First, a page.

Freitag, 22. Februar 2013

Happy Birthday Richard Matheson!

Happy Belated  86th Birthday to Mr. Richard Matheson!!

Mr. Matheson ,who as far as I’m concerned the greatest living american writer of horrific ficiton, turned 86 this past Wednesday. Mr. Matheson  has written genre classics for the pulps, mainstream literature, film and Televison.  Mr. Matheson has written 28 Novels, more short stories than I can count, 22 film scripts and at least 48 film scripts! 15 of those scripts were for the original Twilight Zone“ alone! Who can forget „Nightmare at 20,00 feet“?  He wrote the scripts for the famous  Roger Corman/Vincent Price/Edgar Allan Poe films from the 1960s. His two  most famous TV scripts were for  TV films  „The Night Stalker“ and  „Duel“.
Mr. Matheson‘s stories and novels are a heady mix of SF and Horror. His Vampire apocalypse novel  „I am Legend“ is probably the  greatest SF horror novels of all time. I recently did a fairly large Richard Matheson re-read this winter and his short stories have aged exceptionaly well. Much of his work is still in print. So go check  him out. And i mean  now!
He is also, to my knowledge, the last survivng writer who appeared in „Weird Tales“ during it’s original incarnation.
The man is a true national treasure of the macabre and a giant in his field.
Happy Birthday Mr. Matheson!!

Time hasn't been in abundance these past two weeks. I had a telephone converstion with the great artist Mr. Murray Tinkelman this past Sunday and I hope to have it written up as soon as I finish renovating our bathroom. "She who must be obeyed" takes priority this time! ;-)

Thanks for stopping by and I apologize for such a short posting.

Sonntag, 10. Februar 2013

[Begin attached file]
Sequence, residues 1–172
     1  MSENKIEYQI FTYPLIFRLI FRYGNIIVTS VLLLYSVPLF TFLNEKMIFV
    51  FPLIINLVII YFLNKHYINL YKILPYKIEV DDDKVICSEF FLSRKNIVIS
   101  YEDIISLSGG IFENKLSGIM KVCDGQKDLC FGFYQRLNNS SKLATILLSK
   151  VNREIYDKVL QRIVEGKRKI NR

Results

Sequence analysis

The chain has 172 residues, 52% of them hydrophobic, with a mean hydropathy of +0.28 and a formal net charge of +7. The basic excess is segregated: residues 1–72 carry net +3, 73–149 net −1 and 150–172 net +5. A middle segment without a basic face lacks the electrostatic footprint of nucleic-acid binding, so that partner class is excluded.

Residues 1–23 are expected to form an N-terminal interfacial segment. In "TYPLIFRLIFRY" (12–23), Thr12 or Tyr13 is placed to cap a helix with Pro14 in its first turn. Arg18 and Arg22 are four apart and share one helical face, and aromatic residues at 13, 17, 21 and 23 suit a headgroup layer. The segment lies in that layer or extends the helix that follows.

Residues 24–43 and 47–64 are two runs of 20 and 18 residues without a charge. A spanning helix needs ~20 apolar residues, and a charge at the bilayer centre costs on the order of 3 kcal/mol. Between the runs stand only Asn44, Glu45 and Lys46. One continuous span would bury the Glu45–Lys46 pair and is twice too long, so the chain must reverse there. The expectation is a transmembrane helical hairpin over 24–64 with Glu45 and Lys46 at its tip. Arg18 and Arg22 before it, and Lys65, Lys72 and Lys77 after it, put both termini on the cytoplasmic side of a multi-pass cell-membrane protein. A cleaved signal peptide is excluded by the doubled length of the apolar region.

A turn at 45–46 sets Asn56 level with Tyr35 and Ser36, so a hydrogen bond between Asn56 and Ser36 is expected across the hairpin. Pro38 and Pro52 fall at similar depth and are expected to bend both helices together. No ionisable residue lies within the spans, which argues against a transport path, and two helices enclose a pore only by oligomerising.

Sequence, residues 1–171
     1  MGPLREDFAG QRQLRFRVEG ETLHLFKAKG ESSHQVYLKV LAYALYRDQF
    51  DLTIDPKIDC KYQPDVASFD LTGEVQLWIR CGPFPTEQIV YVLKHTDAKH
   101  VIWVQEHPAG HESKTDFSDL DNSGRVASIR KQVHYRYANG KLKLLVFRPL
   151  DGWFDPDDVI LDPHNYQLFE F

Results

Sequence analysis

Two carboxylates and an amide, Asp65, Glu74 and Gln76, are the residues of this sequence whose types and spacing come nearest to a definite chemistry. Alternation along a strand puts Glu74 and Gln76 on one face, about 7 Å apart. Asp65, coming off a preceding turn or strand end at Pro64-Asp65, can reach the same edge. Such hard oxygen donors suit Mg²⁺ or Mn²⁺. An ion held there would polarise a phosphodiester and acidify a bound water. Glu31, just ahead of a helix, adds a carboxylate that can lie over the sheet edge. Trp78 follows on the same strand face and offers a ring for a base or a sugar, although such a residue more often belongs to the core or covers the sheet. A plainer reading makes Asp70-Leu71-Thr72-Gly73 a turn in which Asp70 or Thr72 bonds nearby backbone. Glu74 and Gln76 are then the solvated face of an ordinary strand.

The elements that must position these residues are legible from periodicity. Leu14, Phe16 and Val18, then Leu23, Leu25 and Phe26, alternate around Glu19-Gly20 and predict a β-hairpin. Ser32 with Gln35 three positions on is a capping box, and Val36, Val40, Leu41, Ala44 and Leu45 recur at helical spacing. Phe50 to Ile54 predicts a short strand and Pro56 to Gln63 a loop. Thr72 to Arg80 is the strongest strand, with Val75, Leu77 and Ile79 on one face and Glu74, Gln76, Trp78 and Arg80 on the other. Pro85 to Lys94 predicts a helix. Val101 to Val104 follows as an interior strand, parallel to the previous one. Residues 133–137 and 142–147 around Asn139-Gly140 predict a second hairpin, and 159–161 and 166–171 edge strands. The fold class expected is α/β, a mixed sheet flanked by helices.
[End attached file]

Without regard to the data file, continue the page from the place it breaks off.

Terror at Night

“Terror at Night”
Edited by Herbert Williams.

New Avon Library. 1947.

No cover price.

                                                           My battered copy


·         HP LovecraftThe Haunter of the Dark (Weird Tales, 12/36; Cthulhu Mythos, sequel to Robert Bloch’s The Shambler from the Stars)

·         Bram Stoker – The Judge’s House (Holly Leaves, 12/5/1891)

·         WW Jacobs – The Interruption (The Strand, 11/1925)

·         Thomas Burke – The Black Courtyard (Night-Pieces: Eighteen Tales, 1935)

·         HR Wakefield - The Seventeenth Hole at Duncaster (Shivers, 1932)

·         Algernon Blackwood – The Second Generation (The Westminster Gazette, 6/6/1912)

·         W Elwyn Backus – The Phantom Bus (Weird Tales, 9/30)

·         Arthur Machen – Change (The Children of the Pool and Other Stories, 1936)

·         Henry S Whitehead – The Left Eye (Weird Tales, 6/27)

·         Ambrose Bierce – A Watcher by the Dead (San Francisco Examiner, 12/29/1889)

·         Lord Dunsany – The Two Bottles of Relish (serialized in Time & Tide beginning 11/12/32)

·         MR James – Lost Hearts (Pall Mall Magazine, 12/1895)

·         EF Benson – Caterpillars (The Room in the Tower and Other Stories, 1912)

Terror at Night” is one of the oldest books in my collection. I’m amazed that it didn’t fall apart last week while reading it. Thankfully it didn’t though. This might possible be explained by a statement on the back cover.
 “Bound in heavy weight covers, they have a delightful flexibility in handling, and stand up well under reading and rereading. The covers are specially processed to make them resistant to dirt, damp and rough usage”
I wonder if they realized that this edition would still be read 66 years later.
And I have to say that I love the old style “George Mayers” cover. Mr. Mayers did quite a few covers back then and later on did lots of covers for the old “men’s adventure” magazines. There is one thing about the collection that does bother me. The cover states that it “Complete and Unabridged”. This infers to me that this is a reprint, most likely, from a hardback. His isn’t the case though. This edition is a true first edition. I’m betting that this is an intentional trick to make the book look more legitimate. From what I’ve read, paperbacks were very looked down upon when they first came out, many readers seeing them as an inferior product both in physical and subject quality. So I’m betting they wanted to trick readers into thinking that this was simply and inexpensive edition of a “real” book.

Now let’s take a look at those stories.

The Haunter of the Dark”

by H.P. Lovecraft.